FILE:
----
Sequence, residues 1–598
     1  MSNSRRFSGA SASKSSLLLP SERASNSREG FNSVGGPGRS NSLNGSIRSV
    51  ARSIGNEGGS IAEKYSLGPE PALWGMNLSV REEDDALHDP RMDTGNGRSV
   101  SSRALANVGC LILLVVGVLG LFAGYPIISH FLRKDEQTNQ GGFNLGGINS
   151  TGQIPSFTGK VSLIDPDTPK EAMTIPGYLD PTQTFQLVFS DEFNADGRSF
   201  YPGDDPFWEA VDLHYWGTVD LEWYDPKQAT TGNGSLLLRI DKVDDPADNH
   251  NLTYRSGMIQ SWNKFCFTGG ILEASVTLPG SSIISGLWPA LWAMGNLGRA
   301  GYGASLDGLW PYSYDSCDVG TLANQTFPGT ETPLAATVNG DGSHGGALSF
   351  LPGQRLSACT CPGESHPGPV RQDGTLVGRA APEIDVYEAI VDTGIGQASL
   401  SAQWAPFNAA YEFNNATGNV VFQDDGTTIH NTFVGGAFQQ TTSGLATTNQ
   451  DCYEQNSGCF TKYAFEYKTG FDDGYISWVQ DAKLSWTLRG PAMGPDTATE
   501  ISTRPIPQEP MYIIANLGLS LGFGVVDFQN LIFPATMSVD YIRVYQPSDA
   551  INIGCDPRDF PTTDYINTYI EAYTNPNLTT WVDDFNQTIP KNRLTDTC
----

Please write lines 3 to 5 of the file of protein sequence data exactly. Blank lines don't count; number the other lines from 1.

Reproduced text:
    51  ARSIGNEGGS IAEKYSLGPE PALWGMNLSV REEDDALHDP RMDTGNGRSV
   101  SSRALANVGC LILLVVGVLG LFAGYPIISH FLRKDEQTNQ GGFNLGGINS
   151  TGQIPSFTGK VSLIDPDTPK EAMTIPGYLD PTQTFQLVFS DEFNADGRSF